V   Blackboard Updates

ALERT: This is a reminder to check for any sensitive files that you may have uploaded (even inadvertently) to Blackboard (such as answer keys, student grades, etc.). An incident recently occurred in which students were mistakenly given access to files in a Blackboard course site that were meant to be kept private. Please check your course sites to make sure that any private or sensitive material is truly private. If you need assistance with this, please contact the Center for Educational Resources (CER) and a staff member will be happy to help you.
Between the Fall and Spring semesters, Blackboard was upgraded to version 9.1 Service Pack 3, the Blackboard Iconlatest stable release at the time. This version fixes several, but not all, of the issues that were discovered during the Fall semester. Updated areas include Grade Center, Discussions, Assignments, and Tool Links. For full details, please see: http://help.sset.jhu.edu/display/Bb/Blackboard+What+Is+New In addition to the version update, Blackboard Mobile was activated during the winter break. Free Apps are available for iPad, iPhone, iPod, Android, and Blackberry. Search for Blackboard Mobile in the respective App marketplaces. BB Mobile allows  all course content to be viewed, and enables participation in discussions and blogs from a variety of mobile devices. During this initial trial of BB Mobile, there are significant restrictions on network access. Apple iOS devices must be on Wi-Fi and all other devices must be on the Sprint network. Based on the popularity of the initial rollout, these restrictions may be removed in the future. Blackboard reminders for the Spring 2011 semester: For training or Blackboard usage questions, email cerweb@jhu.edu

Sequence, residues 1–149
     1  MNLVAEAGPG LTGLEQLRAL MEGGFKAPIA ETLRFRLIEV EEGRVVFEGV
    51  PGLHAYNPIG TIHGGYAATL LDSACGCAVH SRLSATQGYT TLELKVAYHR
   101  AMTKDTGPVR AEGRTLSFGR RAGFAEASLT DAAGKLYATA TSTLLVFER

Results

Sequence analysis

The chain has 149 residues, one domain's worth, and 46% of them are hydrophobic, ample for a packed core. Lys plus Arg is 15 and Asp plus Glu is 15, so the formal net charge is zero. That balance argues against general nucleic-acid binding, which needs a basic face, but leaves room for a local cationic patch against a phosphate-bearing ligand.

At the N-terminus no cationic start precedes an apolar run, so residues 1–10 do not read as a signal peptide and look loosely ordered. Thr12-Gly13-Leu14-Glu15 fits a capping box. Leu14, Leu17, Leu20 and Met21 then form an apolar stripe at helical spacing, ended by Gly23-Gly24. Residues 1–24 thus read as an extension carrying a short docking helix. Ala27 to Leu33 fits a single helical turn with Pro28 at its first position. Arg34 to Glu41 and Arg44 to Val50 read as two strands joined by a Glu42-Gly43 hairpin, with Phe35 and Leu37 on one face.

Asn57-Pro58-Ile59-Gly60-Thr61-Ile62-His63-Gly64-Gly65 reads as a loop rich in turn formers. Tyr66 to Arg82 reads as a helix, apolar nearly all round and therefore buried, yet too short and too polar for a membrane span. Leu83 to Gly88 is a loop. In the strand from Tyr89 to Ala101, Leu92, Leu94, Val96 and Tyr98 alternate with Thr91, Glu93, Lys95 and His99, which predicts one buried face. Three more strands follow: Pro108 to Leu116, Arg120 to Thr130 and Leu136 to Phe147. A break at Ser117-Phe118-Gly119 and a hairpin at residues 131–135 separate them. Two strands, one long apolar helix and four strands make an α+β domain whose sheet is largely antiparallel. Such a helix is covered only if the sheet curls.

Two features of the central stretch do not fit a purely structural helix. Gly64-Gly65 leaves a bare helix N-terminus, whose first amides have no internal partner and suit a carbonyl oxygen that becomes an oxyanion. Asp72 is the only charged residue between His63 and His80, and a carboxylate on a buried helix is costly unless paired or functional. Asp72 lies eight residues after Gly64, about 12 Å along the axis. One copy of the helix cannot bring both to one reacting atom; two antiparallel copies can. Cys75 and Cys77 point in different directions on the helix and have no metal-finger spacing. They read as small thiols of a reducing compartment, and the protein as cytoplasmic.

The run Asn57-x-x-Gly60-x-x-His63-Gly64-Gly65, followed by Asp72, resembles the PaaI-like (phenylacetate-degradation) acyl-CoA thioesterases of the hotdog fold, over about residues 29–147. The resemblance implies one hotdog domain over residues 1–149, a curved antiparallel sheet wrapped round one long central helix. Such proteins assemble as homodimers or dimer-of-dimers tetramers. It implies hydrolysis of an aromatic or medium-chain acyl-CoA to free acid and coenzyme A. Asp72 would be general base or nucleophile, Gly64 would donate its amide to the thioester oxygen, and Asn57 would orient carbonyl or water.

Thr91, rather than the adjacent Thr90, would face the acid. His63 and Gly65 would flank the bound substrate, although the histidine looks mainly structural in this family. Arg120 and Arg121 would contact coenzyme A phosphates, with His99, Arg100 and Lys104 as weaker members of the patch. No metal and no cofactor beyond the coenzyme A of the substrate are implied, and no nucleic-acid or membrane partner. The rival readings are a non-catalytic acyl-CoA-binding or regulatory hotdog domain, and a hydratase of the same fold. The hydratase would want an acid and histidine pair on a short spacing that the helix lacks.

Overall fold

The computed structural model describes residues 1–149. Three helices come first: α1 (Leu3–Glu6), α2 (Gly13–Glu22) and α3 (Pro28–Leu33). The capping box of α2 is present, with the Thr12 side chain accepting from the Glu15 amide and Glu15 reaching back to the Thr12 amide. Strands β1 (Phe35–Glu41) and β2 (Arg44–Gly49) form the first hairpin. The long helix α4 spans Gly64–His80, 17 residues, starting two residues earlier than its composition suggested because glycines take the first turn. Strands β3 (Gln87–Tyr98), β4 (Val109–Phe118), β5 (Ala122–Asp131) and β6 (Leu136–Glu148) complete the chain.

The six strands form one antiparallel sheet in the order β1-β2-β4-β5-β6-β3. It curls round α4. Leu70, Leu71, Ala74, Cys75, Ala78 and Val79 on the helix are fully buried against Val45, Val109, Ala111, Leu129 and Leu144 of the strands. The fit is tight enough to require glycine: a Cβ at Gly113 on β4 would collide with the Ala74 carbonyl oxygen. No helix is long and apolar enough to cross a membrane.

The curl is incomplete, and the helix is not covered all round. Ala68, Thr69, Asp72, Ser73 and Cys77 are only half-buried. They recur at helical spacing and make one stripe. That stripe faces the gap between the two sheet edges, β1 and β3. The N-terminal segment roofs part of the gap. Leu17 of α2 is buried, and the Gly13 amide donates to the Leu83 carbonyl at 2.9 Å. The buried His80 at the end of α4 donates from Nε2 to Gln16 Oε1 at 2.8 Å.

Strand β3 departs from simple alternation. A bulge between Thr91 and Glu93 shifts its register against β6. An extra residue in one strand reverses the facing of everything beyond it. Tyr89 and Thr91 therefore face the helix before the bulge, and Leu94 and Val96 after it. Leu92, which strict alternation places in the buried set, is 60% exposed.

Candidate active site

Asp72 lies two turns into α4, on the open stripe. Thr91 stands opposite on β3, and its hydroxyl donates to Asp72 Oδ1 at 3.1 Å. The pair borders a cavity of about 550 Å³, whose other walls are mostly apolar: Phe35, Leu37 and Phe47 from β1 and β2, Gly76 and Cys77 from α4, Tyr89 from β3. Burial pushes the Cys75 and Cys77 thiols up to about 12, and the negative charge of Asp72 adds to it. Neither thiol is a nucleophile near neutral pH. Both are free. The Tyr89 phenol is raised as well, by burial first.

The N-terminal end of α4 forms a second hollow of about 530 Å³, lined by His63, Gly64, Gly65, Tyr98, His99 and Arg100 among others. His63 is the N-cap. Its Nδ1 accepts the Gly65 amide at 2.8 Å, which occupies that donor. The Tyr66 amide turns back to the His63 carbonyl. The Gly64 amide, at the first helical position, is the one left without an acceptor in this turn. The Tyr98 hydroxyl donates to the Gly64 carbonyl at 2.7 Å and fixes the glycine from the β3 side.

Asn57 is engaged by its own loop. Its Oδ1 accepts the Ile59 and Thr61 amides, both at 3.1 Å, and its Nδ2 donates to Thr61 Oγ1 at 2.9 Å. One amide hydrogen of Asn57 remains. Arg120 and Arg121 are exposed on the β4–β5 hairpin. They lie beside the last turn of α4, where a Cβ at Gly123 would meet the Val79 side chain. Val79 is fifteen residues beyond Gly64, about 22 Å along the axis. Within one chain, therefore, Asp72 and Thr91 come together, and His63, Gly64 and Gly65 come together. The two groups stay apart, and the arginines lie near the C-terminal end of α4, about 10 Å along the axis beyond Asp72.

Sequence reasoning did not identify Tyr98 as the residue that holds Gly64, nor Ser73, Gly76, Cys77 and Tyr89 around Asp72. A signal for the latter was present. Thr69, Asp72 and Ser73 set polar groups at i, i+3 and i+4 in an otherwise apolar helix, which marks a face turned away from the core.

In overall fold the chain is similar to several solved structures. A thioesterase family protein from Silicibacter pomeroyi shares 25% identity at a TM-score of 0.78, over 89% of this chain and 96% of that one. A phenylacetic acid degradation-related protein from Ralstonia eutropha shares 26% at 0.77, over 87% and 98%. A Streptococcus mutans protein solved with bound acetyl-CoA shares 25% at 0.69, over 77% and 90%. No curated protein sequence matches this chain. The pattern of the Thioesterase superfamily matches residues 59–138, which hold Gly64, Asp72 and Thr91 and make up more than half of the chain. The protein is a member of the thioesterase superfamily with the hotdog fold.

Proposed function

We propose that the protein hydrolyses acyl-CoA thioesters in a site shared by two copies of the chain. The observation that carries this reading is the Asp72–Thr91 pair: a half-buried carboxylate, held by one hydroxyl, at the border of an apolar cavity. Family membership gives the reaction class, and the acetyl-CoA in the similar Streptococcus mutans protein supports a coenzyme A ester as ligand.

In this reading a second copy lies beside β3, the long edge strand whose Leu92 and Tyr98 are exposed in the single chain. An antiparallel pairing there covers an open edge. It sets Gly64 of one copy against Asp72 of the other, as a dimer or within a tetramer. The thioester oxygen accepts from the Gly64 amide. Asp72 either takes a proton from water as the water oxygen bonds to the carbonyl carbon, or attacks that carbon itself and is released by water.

Thursday, March 24th - Blackboard Reps on Campus Want to help make Blackboard better during Spring Break? If you will be on the Homewood campus the morning of Thursday, 3/24/11, plan to spend some time with representatives from Blackboard. The company wants to hear directly from JHU faculty - complaints, praise, feedback - any input will be welcome. Detailed times and locations will be posted in Blackboard and on the CER's Blackboard page shortly.

VI   Lester S Levy Sheet Music Collection – Treasure Trove of Primary Resources

Lester S. Levy Collection of Sheet Music Screen Capture Looking for images to add special interest to your lectures on American cultural, social and political history?  Interested in how Americans expressed their opinions on presidential candidates, relationships between men and women, or celebrated the Alaska Gold Rush of 1890?  Look no further than the Lester S. Levy Collection of Sheet Music.  The collection contains over 30,000 pieces of popular American music from the early 1800s through the mid-twentieth century.   The covers and lyrics reveal how Americans viewed issues from temperance to immigration to tobacco use to politics to war.  They also illustrate popular entertainments, including dancing, musical comedy and minstrels. For information on how to use the collection and some examples of creative uses of the collection by Hopkins faculty, please contact Kelly Spring (kspring1@jhu.edu).